I’ve never been one afraid to take risks in a major tournament. Sometimes they work out and sometimes they don’t, but it’s great to be able to step outside what is expected or comfortable. When they work it can lead to great success, and when they don’t they can blow up in your face in spectacular fashion – but either way it is going to be exciting.
Last weekend at #SCGCOL I did something I never thought I would do in an important Standard tournament: I played four copies of this card:
Yes, the card I have made fun of constantly since it has been a legal card in Standard. When I showed my deck to a few friends Saturday morning, they all gave me the look that I have given anyone brave enough to register a Temur deck since the clan’s inception:
The answer, of course, is complicated.
Savage Knuckleblade is actually a pretty solid creature. Just being a split card of a three-mana 4/4 and a four-mana hasted 4/4 is very good, and the other abilities are just gravy. Knuckles compares favorably to the popular Anafenza, the Foremost, but the issue is context and the company he keeps.
While Anafenza gets to tag team with two of the most powerful cards in the format in Siege Rhino and Abzan Charm, Savage Knuckleblade is left with some mediocre removal spells and support cards that aren’t sure if they want to be aggressive or controlling.
Three-color cards play better in midrange strategies because it’s hard to cast them quickly while curving out, and Abzan is the better midrange deck in every sense of the word. For the entire time that Savage Knuckleblade has been legal, playing it basically means you are playing a deck with a confused strategy that is just worse than the proven Siege Rhino strategies.
So what changed that would make me want to sleeve up Knuckles?
The emergence of Collected Company as a viable option has opened the door for Savage Knuckleblade. Collected Company wants to play alongside the best three-mana creatures in the format, and despite the lack of support, Savage Knuckleblade is actually a powerful three-mana creature.
- 4 Anafenza, the Foremost
- 2 Warden of the First Tree
- 4 Den Protector
- 4 Deathmist Raptor
- 2 Nissa, Vastwood Seer
- 2 Ayli, Eternal Pilgrim
- 4 Sylvan Advocate
- 3 Matter Reshaper
Amusingly enough, it started with Anafenza, the Foremost. Andy Ferguson’s Abzan Company deck from #SCGATL was pretty impressive, but I didn’t like how awkward the early-game mana and Dromoka’s Command were. It seemed like the deck would be a bit slow to get on the board and would want a removal spell that could be cast early before the good creatures showed up. As my car of Dan Jessup, Andrew Jessup, and Pete Ingram discussed how to build Collected Company decks on our nine-hour car ride, we went through all the reasonable color combinations and what Collected Company decks need to operate.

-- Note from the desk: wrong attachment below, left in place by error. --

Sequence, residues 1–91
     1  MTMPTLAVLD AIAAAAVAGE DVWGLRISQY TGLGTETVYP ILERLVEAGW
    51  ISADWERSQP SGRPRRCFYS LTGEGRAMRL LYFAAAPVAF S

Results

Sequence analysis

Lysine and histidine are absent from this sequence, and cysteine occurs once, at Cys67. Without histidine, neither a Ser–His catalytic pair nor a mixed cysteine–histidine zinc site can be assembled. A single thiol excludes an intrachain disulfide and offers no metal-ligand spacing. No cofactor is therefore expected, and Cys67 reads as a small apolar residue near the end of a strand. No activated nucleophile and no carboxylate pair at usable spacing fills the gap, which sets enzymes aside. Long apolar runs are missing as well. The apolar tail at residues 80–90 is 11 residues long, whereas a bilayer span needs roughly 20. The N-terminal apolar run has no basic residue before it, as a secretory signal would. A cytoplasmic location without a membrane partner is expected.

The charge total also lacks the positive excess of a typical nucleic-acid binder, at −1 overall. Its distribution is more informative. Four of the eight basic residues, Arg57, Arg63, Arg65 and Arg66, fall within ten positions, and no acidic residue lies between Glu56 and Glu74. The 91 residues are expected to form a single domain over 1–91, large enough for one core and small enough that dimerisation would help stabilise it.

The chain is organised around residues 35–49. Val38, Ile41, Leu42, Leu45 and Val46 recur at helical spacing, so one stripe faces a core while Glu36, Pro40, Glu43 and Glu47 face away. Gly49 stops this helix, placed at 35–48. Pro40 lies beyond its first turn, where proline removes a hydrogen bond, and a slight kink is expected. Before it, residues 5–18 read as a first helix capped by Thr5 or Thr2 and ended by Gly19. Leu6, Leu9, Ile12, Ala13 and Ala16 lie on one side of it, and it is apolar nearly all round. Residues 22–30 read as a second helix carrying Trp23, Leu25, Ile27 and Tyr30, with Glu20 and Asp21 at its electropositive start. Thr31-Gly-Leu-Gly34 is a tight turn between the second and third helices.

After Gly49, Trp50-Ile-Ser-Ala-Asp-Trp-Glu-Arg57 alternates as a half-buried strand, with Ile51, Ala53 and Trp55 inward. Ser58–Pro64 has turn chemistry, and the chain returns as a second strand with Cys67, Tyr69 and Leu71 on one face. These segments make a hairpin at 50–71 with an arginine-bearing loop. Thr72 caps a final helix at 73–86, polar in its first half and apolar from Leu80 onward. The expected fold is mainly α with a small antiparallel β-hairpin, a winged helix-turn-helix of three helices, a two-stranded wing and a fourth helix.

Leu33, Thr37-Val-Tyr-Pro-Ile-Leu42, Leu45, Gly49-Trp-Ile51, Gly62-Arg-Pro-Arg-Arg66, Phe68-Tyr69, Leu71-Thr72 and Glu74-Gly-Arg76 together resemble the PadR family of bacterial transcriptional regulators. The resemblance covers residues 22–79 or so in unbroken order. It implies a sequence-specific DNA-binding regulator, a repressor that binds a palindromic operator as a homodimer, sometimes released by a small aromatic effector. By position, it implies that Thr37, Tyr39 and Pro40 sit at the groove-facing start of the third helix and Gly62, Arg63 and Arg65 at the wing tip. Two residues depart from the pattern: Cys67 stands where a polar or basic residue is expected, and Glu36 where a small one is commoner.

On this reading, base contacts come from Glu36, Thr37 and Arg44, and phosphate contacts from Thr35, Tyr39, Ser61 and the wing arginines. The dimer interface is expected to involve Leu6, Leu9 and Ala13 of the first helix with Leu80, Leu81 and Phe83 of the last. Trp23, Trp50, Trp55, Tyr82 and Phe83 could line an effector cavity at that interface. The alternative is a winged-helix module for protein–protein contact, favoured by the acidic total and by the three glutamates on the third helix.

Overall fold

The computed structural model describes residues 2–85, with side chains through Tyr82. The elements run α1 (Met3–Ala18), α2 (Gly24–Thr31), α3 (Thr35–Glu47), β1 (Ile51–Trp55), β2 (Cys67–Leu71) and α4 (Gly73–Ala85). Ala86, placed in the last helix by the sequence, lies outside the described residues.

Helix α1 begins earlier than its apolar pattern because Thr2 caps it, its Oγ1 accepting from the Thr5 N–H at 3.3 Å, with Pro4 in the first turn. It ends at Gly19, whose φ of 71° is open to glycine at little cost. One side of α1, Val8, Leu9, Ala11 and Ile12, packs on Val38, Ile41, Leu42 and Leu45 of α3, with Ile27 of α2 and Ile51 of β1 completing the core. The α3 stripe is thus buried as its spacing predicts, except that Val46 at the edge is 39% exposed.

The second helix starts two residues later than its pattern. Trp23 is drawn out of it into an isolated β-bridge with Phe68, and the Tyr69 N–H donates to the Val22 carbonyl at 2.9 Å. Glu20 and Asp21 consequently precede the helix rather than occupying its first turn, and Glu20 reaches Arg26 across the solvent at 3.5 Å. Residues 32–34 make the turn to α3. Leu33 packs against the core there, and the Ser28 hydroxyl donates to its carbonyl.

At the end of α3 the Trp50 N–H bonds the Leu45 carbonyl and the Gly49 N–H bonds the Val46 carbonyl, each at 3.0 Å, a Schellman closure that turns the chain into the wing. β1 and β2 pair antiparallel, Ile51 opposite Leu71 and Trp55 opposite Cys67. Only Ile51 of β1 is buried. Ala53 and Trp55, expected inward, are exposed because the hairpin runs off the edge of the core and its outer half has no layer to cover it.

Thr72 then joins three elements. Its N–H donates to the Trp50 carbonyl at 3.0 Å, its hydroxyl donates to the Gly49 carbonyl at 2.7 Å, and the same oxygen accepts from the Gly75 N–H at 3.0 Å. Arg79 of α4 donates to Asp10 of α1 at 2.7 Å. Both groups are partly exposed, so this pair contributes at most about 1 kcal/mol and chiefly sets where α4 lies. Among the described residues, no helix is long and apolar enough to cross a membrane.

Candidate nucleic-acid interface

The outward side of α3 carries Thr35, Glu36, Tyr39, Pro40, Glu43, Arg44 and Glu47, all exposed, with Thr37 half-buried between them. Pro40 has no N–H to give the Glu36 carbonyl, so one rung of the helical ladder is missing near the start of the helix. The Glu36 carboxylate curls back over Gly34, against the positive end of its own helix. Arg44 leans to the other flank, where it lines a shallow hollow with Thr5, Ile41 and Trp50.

Collected Company is a busted Magic card when it comes to mana efficiency and spell timing. Being able to put six mana worth of two cards into play at instant speed is incredible value for only four mana, but it comes at a pretty steep deckbuilding cost.
Collected Company asks you for two things:
Your deck must have a ton of creatures.
This is the more obvious half, as missing with Collected Company is not an option. Putting zero creatures into play is unacceptable, and putting in only one is not far behind. Magic tournaments are long events, and without enough targets, the law of large numbers is going to catch up to you if you skimp too hard on creatures.
As a result of around 30 of your deck slots going to creatures and Collected Company and around 25 of your deck slots going to lands, you are not going to have much room at all for removal or utility spells. This can make it difficult to interact and puts a premium on creatures that have spell-like effects. The spells you do choose are going to be very important.
It is also difficult to skip on lands in a Collected Company deck, as you really want to be able to play your four-mana spell on turn 4 every game, and this requires at least 24 lands.
Your creatures must be high-value.
This is the much more difficult half to accomplish, and one of the major reasons why Collected Company hasn’t seen a ton of play in Standard but a good amount in Modern.